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How much does your car really cost?

American Government Special Collections Reference Desk

How much does your car really cost?

Kari Hoopes
May 8, 2007

Owning a car is very expensive. The real expense involves much more than your purchase price, or monthly car payment. That makes up only about half of the average monthly car expense. The true cost of your car includes: First, your loan payment. A 5 year loan on a $20,000 car is approximately 400/month, dependent on your interest rate. Second, insurance (collision because of the loan) is typically between $75 to 200 per month (depending on where you live). Third, Gasoline at $3.00 per gallon and an average annual use of 15,000 miles per year, costs about $150 per month. Summer 2007 it would be more like $200 per month as gas is scheduled to be closer to $4.00 per gallon.

Finally simple repairs (assuming $300 per year, which is conservative, even for a car under warranty), routine maintenance, and annual registration, all add up to another $60 per month. In all, neglecting the extra things you do to or for your car, the AVERAGE car costs between $685 and $860 a month. I won't even start on owning a truck! In five years, you will have spent between $41,000 and $52,000 dollars for your car which is now worth closer to $4000 dollars. Do you feel you are getting the most for your money? Typically you do not have a choice in whether or not to drive, but you do have a choice in what you drive and how you drive.

So when shopping for your next car, consider the true cost of your car and what factors influence that cost. It is a luxury to be able to shop for the car you want. A luxury most cannot afford, instead, decide what it is you need. Will you need four wheel drive? How many passengers will you be routinely carrying (how big is your family)? Also consider how long you want to keep the car as the number of passengers may change before you are ready for another car.

Finally determine before shopping what you are willing to spend on a monthly basis for this car. Let this number determine the kind of car you buy and the price you are willing to pay, and if at all possible, buy used. There is nothing wrong with buying a new car, but if you are trying to reduce expenses, buy used. The intrinsic value of car is mostly independent of its age. As long as it can get you from one place to another it has value and the extent of that value depends on how long that car will continue to serve that purpose minus the maintenance expense to keep it serving. Any price above intrinsic value can be attributed to marketing and personal preference; values considered extrinsic. A new car comes with intrinsic value which will decay proportionately with use and abuse, though the vast majority a new car's price is extrinsic and will decay independent of use at an exponential, meaning that they lose a percentage of their value each year. So each year, the decline in value decreases. For example, if you buy a $20,000 car that depreciates 20% each year, after your first year the car is worth, $16,000, after the second year it is worth $12,800, then $10,240 its third year, and after 5 years, worth $6553. These numbers are just an illustration. The true depreciation of a car is quite a bit higher (about 28% each year). Typically after the third year, the price of a car starts to stabilize. If you want as new as possible and still get a decent deal, wait until the car is about 3 years old. If you want as little depreciation as possible, wait until car is at least 6 years old. At this point, the car is old enough that much of the extrinsic value of the car has decayed away, but is still typically free from major physical wear.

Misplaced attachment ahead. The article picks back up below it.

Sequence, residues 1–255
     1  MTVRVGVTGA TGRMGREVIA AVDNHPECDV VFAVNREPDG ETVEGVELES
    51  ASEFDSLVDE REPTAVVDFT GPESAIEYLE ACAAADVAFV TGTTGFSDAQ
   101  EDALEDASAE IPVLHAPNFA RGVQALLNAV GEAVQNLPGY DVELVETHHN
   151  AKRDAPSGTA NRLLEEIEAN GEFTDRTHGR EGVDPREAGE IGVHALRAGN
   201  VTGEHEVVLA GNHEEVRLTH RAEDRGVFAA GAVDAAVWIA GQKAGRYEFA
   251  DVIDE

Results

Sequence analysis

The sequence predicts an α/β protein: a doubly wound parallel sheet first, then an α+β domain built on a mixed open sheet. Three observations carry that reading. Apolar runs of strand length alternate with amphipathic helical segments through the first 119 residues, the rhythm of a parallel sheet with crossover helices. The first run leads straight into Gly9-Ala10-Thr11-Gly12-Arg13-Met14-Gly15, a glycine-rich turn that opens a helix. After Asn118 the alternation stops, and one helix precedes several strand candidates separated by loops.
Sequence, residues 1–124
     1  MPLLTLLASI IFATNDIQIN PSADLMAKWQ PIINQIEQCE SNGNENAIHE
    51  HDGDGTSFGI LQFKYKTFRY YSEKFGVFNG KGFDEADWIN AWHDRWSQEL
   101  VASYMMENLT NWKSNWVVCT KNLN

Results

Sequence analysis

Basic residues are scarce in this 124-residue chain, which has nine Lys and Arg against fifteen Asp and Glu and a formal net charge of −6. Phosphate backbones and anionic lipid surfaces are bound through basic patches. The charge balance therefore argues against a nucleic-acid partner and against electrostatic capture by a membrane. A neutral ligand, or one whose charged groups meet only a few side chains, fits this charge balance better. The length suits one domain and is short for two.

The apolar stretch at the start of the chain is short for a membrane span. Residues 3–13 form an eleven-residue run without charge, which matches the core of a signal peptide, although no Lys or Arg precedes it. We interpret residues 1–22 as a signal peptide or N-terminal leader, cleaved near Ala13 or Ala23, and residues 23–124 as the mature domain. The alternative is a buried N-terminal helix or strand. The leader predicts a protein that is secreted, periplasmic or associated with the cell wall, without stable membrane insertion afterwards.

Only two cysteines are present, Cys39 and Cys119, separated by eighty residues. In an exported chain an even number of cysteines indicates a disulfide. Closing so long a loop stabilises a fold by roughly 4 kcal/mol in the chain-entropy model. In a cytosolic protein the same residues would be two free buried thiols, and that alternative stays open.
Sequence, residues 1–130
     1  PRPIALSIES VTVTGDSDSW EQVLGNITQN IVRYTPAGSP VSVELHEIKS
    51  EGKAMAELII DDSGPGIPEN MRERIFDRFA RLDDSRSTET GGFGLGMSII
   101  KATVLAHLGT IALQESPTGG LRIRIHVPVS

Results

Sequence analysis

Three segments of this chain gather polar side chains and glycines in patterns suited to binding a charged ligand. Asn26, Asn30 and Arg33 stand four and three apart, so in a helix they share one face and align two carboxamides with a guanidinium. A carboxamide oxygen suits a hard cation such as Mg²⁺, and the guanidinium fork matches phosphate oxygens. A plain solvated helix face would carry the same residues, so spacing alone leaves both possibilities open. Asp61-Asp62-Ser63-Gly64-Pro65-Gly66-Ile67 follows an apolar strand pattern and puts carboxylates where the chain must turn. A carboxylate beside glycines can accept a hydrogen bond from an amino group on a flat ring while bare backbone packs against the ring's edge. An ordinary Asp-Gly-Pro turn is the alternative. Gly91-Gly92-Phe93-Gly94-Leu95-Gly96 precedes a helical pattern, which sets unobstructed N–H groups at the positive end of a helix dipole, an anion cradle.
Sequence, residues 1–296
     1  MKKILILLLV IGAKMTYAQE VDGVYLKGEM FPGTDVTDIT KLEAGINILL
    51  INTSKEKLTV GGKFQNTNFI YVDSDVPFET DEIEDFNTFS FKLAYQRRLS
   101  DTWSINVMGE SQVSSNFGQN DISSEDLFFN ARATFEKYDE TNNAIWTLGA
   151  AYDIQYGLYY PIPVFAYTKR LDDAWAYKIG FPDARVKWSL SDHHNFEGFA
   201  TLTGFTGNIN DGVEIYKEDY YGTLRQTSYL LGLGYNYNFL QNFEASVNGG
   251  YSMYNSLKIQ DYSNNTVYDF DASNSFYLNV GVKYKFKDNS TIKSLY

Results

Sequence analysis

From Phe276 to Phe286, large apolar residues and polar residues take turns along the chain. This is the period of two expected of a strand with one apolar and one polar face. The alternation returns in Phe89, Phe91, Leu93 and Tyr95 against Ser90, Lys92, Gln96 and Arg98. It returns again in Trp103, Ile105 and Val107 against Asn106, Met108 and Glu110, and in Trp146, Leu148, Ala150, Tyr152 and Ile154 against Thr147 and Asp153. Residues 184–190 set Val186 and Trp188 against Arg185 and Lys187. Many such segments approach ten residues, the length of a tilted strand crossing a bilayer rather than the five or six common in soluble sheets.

You can gauge how much intrinsic value a car has by how much differences in mileage influence price. For example, if you had two cars of the same make, model, and year; If the first had 120,000 miles and sold for $10,000 while the other had 60,000 miles sold for $13,000; then, based on the selling prices, the intrinsic value of 60,000 miles is $3000. If the market perceives the average life of this car as 180,000 miles, then the first car's intrinsic value is $3000, the second car's intrinsic value is $6000, and a brand new car had an intrinsic value of about $9000 and an extrinsic value of $21,000 if bought new for $30,000.

Once you have a good gauge of intrinsic value, the next step is to determine what mileage range to buy. This depends on how long you intend to intend to keep the car for and your budget for maintenance. A car with lower miles may not necessarily be better if higher miles fits works within your time frame just as well. For example, if a car model is not expected to last beyond 200,000 miles, and you want to own this car for over 5 years, then you should probably not buy a car with more than 125,000 miles. If you only intend to have the car for 2 years, you can get by with a higher mileage car and pay significantly less initially. The same rule also applies to warrantees. If the car's warranty expires at 100,000 miles and you want to keep it at least 3 years, then you will probably want to buy a car with at most 65,000 miles.

This is a simplistic description of auto pricing as many other factors also influence price. In general, when looking for the right car, remember these three things: first, know exactly what you need; second, know how long you plan to keep it, and third, use not age determines value.

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Kari Hoopes: Editor of http://automotive.yourbetterbuy.com, writing articles to help people make better consumer and financial decisions.



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